Assessment of cross-species transmission of hepatitis C virus-related non-primate hepacivirus in a population of humans at high risk of exposure.

2.50
Hdl Handle:
http://hdl.handle.net/10033/621077
Title:
Assessment of cross-species transmission of hepatitis C virus-related non-primate hepacivirus in a population of humans at high risk of exposure.
Authors:
Pfaender, Stephanie; Walter, Stephanie; Todt, Daniel; Behrendt, Patrick; Doerrbecker, Juliane; Wölk, Benno; Engelmann, Michael; Gravemann, Ute; Seltsam, Axel; Steinmann, Joerg; Burbelo, Peter D; Klawonn, Frank; Feige, Karsten; Pietschmann, Thomas; Cavalleri, Jessika-M V; Steinmann, Eike ( 0000-0002-8771-4262 )
Abstract:
The recent discovery of hepatitis C virus (HCV)-related viruses in different animal species has raised new speculations regarding the origin of HCV and the possibility of a zoonotic source responsible for the endemic HCV transmission. As a consequence, these new findings prompt questions regarding the potential for cross-species transmissions of hepaciviruses. The closest relatives to HCV discovered to date are the non-primate hepaciviruses (NPHVs), which have been described to infect horses. To evaluate the risk of a potential zoonotic transmission, we analysed NPHV RNA and antibodies in humans with occupational exposure to horses in comparison with a low-risk group. Both groups were negative for NPHV RNA, even though low seroreactivities against various NPHV antigens could be detected irrespective of the group. In conclusion, we did not observe evidence of NPHV transmission between horses and humans.
Affiliation:
TWINCORE, Zentrum für experimentelle und klinische Infektionsforschung GmbH, Feodor-Lynen-Str. 7, 30625 Hannover, Germany.
Citation:
Assessment of cross-species transmission of hepatitis C virus-related non-primate hepacivirus in a population of humans at high risk of exposure. 2015, 96 (9):2636-42 J. Gen. Virol.
Journal:
The Journal of general virology
Issue Date:
Sep-2015
URI:
http://hdl.handle.net/10033/621077
DOI:
10.1099/vir.0.000208
PubMed ID:
26041875
Type:
Article
Language:
en
ISSN:
1465-2099
Appears in Collections:
publications of the research group cellular proteom research (CPRO); publications of the department experimental Virology([TC]EVIR); publications of the research group virus transmission ([TC]VIRT)

Full metadata record

DC FieldValue Language
dc.contributor.authorPfaender, Stephanieen
dc.contributor.authorWalter, Stephanieen
dc.contributor.authorTodt, Danielen
dc.contributor.authorBehrendt, Patricken
dc.contributor.authorDoerrbecker, Julianeen
dc.contributor.authorWölk, Bennoen
dc.contributor.authorEngelmann, Michaelen
dc.contributor.authorGravemann, Uteen
dc.contributor.authorSeltsam, Axelen
dc.contributor.authorSteinmann, Joergen
dc.contributor.authorBurbelo, Peter Den
dc.contributor.authorKlawonn, Franken
dc.contributor.authorFeige, Karstenen
dc.contributor.authorPietschmann, Thomasen
dc.contributor.authorCavalleri, Jessika-M Ven
dc.contributor.authorSteinmann, Eikeen
dc.date.accessioned2017-08-29T08:45:06Z-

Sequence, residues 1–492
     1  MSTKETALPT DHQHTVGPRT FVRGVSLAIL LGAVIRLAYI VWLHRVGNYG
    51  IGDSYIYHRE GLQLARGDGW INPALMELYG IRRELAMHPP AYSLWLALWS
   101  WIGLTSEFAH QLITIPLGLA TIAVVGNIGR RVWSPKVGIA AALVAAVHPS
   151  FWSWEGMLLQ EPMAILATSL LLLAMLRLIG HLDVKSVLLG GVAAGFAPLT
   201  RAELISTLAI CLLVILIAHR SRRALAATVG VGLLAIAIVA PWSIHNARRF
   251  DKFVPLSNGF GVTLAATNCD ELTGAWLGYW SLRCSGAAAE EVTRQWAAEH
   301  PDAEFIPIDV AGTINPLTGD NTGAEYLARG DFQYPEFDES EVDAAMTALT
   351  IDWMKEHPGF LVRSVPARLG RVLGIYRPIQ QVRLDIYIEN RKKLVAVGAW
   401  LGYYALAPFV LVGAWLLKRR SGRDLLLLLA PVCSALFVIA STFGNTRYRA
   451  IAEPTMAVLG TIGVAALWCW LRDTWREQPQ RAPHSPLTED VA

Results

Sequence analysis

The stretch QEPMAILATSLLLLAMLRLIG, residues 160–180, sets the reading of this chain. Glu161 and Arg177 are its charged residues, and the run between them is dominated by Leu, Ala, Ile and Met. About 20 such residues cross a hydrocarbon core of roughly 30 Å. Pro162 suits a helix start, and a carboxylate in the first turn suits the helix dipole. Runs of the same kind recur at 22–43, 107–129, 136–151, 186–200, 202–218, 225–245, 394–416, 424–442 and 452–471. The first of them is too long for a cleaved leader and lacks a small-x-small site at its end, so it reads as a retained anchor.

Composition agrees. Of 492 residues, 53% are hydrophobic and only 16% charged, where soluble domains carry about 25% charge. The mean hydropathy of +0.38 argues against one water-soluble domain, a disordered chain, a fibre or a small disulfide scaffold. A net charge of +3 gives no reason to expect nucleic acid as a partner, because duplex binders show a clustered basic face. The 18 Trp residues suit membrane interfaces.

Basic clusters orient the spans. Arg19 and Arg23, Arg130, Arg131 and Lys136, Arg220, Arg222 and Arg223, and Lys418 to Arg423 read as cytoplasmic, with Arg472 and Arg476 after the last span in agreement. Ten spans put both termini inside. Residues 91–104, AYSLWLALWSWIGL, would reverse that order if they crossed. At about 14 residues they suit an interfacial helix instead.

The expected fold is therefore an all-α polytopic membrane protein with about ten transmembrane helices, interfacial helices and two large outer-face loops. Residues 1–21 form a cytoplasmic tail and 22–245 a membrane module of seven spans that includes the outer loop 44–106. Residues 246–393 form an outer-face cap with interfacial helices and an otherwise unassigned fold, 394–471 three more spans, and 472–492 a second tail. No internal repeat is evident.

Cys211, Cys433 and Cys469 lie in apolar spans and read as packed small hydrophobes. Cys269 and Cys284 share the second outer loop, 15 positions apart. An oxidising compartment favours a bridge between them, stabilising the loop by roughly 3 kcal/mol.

dc.date.available2017-08-29T08:45:06Z-
dc.date.issued2015-09-
dc.identifier.citationAssessment of cross-species transmission of hepatitis C virus-related non-primate hepacivirus in a population of humans at high risk of exposure. 2015, 96 (9):2636-42 J. Gen. Virol.en
dc.identifier.issn1465-2099-
dc.identifier.pmid26041875-
dc.identifier.doi10.1099/vir.0.000208-
dc.identifier.urihttp://hdl.handle.net/10033/621077-
dc.description.abstractThe recent discovery of hepatitis C virus (HCV)-related viruses in different animal species has raised new speculations regarding the origin of HCV and the possibility of a zoonotic source responsible for the endemic HCV transmission. As a consequence, these new findings prompt questions regarding the potential for cross-species transmissions of hepaciviruses. The closest relatives to HCV discovered to date are the non-primate hepaciviruses (NPHVs), which have been described to infect horses. To evaluate the risk of a potential zoonotic transmission, we analysed NPHV RNA and antibodies in humans with occupational exposure to horses in comparison with a low-risk group. Both groups were negative for NPHV RNA, even though low seroreactivities against various NPHV antigens could be detected irrespective of the group. In conclusion, we did not observe evidence of NPHV transmission between horses and humans.en
dc.language.isoenen
dc.relationinfo:eu-repo/grantAgreement/EC/FP7/281473en
dc.rightsopenAccessen
dc.rights.urihttp://creativecommons.org/licenses/by-nc-sa/4.0/*
dc.subject.meshAdulten
dc.subject.meshAgricultural Workers' Diseasesen
dc.subject.meshAnimalsen
dc.subject.meshFemaleen
dc.subject.meshHepacivirusen
dc.subject.meshHepatitis Cen
dc.subject.meshHorse Diseasesen
dc.subject.meshHorsesen
dc.subject.meshHumansen
dc.subject.meshMaleen
dc.subject.meshMiddle Ageden
dc.subject.meshOccupational Exposureen
dc.subject.meshPhylogenyen
dc.subject.meshZoonosesen
dc.titleAssessment of cross-species transmission of hepatitis C virus-related non-primate hepacivirus in a population of humans at high risk of exposure.en
dc.typeArticleen
dc.contributor.departmentTWINCORE, Zentrum für experimentelle und klinische Infektionsforschung GmbH, Feodor-Lynen-Str. 7, 30625 Hannover, Germany.en
dc.identifier.journalThe Journal of general virologyen

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